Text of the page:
Actors: Satoshi Kon, Megumi Hayashibara, Hideyuki Tanaka, Akio Ōtsuka, Kōichi Yamadera, + more

Initial Release: 2006

Directed by: Satoshi Kon

 

Sword of the Stranger is listed (or ranked) 11 on the list The 15 Best Japanese Animated Films That Aren’t Studio Ghibli
Photo: via Pinterest

Sword of the Stranger is produced by Masahiko Minami, the president of the popular Japanese production company, Bones. They’re known for bringing titles like Cowboy Bebop and Full Metal Alchemist.

This film has beautiful artwork and absolutely stellar action scenes. It follows the story of a young boy named Kotaro and his dog, Tobimaru. They are being hunted by a ruthless group of samurai for malicious reasons. Just when Kotaro is about to be captured, a wandering ronin called Nanashi saves him. They embark on a journey together, their relationship strained from the get-go over different goals.

Actors: Maaya Sakamoto, Naoto Takenaka, Akio Ōtsuka, Mamoru Miyano, Kōichi Yamadera, + more

Initial Release: 2007

Directed by: Masahiro Andô

 

Tokyo Godfathers is listed (or ranked) 12 on the list The 15 Best Japanese Animated Films That Aren’t Studio Ghibli
Photo: Sony Pictures Entertainment Japan

Finding a baby in the trash isn’t exactly the best Christmas present, but that’s what three homeless people discover on Christmas Eve in Tokyo Godfathers (2003). The film follows a gambling addict, a girl who ran away from home, and a former drag queen as they try to find the baby’s mother.

The journey employs on a number of coincidences and misunderstandings, turning the story into a wild ride that also, amazingly, involves the mafia. Though a departure from Satoshi Kon’s usual themes, the film is an interesting study of the unseen elements of Tokyo’s streets, and the connections formed between the families we choose.

Actors: Akio Ōtsuka, Mamiko Noto, Toru Emori, Shōzō Iizuka, Yusaku Yara, + more

Initial Release: 2003

Directed by: Satoshi Kon, Shôgo Furuya

 

Perfect Blue is listed (or ranked) 13 on the list The 15 Best Japanese Animated Films That Aren’t Studio Ghibli
Photo: Madhouse

Perception and reality blur together when Mima Kirigoe graduates from her role as pop idol to focus on acting. She has to deal with a stalker fan who isn’t too happy about her career change. Her TV acting role, discovery of a blogger pretending to be her, and her own sense of reality start to become indistinct. And then people around her start dying.

The story of Perfect Blue flips back and forth between her reality, acting role, and former pop idol identity, and brings into question the nature of perception and identity. Director Satoshi Kon made this psychological thriller back in 1997, but its study of the early days of the Internet, public versus private identity, and the Japanese entertainment idol industry is still relevant today.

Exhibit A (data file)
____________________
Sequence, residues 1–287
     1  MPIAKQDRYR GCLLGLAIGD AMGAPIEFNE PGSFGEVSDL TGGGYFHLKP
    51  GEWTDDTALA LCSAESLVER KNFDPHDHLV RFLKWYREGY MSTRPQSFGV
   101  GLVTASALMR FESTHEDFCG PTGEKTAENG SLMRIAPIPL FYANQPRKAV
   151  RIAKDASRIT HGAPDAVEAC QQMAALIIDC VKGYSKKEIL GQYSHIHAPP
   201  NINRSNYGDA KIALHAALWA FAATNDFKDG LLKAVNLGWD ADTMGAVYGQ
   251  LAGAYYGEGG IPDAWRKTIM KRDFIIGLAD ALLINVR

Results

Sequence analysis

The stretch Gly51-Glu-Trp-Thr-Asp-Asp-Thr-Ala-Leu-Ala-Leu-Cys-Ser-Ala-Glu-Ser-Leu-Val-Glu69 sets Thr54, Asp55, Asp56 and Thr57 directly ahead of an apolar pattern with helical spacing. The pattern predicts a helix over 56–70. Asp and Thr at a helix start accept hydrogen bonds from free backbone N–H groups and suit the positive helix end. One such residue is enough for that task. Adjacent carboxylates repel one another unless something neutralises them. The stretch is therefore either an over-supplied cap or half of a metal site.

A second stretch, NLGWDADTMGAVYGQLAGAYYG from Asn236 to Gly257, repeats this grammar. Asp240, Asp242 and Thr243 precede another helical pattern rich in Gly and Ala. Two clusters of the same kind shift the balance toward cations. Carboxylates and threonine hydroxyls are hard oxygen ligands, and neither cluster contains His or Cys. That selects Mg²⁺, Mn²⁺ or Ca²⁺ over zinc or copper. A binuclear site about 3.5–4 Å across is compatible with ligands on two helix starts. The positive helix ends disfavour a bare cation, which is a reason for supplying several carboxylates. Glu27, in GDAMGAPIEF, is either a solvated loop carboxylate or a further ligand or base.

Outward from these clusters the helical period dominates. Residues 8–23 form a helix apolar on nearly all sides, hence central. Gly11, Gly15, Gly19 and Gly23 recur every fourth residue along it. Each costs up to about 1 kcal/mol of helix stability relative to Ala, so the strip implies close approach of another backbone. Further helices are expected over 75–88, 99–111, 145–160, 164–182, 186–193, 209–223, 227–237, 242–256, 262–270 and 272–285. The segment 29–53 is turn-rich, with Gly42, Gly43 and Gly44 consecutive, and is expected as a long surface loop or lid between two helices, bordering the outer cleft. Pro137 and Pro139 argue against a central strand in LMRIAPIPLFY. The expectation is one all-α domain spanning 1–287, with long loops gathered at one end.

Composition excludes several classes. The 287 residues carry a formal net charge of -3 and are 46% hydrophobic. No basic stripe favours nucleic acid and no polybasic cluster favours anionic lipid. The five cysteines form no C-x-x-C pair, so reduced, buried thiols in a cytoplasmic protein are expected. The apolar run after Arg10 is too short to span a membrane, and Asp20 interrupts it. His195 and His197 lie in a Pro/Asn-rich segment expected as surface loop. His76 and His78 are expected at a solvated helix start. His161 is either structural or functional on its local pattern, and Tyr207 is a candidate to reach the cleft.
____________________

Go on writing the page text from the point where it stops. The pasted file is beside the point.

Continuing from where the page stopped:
Actors: Junko Iwao, Hideyuki Hori, Shin-ichiro Miki, Kiyoyuki Yanada, Emi Shinohara, + more

Initial Release: 1997

Directed by: Satoshi Kon

 

A Letter to Momo is listed (or ranked) 14 on the list The 15 Best Japanese Animated Films That Aren’t Studio Ghibli
Photo: Kadokawa Pictures

In A Letter to Momo, 11-year-old Momo moves to an island town after her father’s death, where she encounters three goblin-like creatures called youkai. They’re friendly, but tend to wreak a lot of havoc. Momo is quickly forced to reign in the youkai’s shenanigans, and ultimately learns to overcome the loss of her father in Hiroyuki Okiura’s 2011 coming-of-age story. A Letter to Momo combines the sweet innocence of childhood, dealing with uncertainty, and facing tragedy.

Actors: Kōichi Yamadera, Toshiyuki Nishida, Chō, Yuka, Yoshisada Sakaguchi, + more

Initial Release: 2011

Directed by: Hiroyuki Okiura

 

Redline is listed (or ranked) 15 on the list The 15 Best Japanese Animated Films That Aren’t Studio Ghibli
Photo: Tohokushinsha Film

If you like movies that are both fast and furious, then you’ll enjoy this science fiction racing anime film by Takeshi Koike. Redline is an explosion of colors that doesn’t stop for a second. See, every five years the Redline happens — a high stakes, intergalactic car race. In the film, the race is set on a militaristic robot planet.

The 2009 movie follows reckless racer JP and a slew of other characters, including his love interest, female racer Sonoshee. Redline doesn’t stand out for its plot, but its art is mind blowing with vibrant, punchy visuals and an unrelenting pace. Astounding, when you consider that this film was completely hand-drawn and took 7 years to complete.

Actors: Tadanobu Asano, Yū Aoi, Daisuke Gōri, Takeshi Aono, Takuya Kimura, + more

Initial Release: 2009

Directed by: Takeshi Koike